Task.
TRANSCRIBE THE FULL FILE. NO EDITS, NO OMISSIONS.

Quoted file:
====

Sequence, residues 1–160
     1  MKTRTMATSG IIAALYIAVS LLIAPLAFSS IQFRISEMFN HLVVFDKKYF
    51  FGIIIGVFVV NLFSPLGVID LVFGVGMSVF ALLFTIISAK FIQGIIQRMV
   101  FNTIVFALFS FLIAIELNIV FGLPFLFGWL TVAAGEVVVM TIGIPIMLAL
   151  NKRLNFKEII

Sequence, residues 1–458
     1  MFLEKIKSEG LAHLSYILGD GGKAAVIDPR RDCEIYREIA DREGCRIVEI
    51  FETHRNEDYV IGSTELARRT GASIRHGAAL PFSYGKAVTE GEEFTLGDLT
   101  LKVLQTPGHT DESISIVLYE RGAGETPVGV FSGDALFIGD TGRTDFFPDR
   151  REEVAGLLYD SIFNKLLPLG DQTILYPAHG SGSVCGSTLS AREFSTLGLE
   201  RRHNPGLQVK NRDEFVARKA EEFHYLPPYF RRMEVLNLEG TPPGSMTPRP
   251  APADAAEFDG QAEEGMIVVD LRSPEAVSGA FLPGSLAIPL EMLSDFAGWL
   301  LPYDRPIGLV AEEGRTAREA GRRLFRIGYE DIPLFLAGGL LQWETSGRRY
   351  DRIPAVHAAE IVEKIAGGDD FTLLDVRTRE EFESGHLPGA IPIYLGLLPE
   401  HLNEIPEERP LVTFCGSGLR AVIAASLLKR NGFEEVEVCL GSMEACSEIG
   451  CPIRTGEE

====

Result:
Sequence, residues 1–160
     1  MKTRTMATSG IIAALYIAVS LLIAPLAFSS IQFRISEMFN HLVVFDKKYF
    51  FGIIIGVFVV NLFSPLGVID LVFGVGMSVF ALLFTIISAK FIQGIIQRMV
   101  FNTIVFALFS FLIAIELNIV FGLPFLFGWL TVAAGEVVVM TIGIPIMLAL
   151  NKRLNFKEII

Sequence, residues 1–458
     1  MFLEKIKSEG LAHLSYILGD GGKAAVIDPR RDCEIYREIA DREGCRIVEI
    51  FETHRNEDYV IGSTELARRT GASIRHGAAL PFSYGKAVTE GEEFTLGDLT
   101  LKVLQTPGHT DESISIVLYE RGAGETPVGV FSGDALFIGD TGRTDFFPDR
   151  REEVAGLLYD SIFNKLLPLG DQTILYPAHG SGSVCGSTLS AREFSTLGLE
   201  RRHNPGLQVK NRDEFVARKA EEFHYLPPYF RRMEVLNLEG TPPGSMTPRP
   251  APADAAEFDG QAEEGMIVVD LRSPEAVSGA FLPGSLAIPL EMLSDFAGWL
   301  LPYDRPIGLV AEEGRTAREA GRRLFRIGYE DIPLFLAGGL LQWETSGRRY
   351  DRIPAVHAAE IVEKIAGGDD FTLLDVRTRE EFESGHLPGA IPIYLGLLPE
   401  HLNEIPEERP LVTFCGSGLR AVIAASLLKR NGFEEVEVCL GSMEACSEIG
   451  CPIRTGEE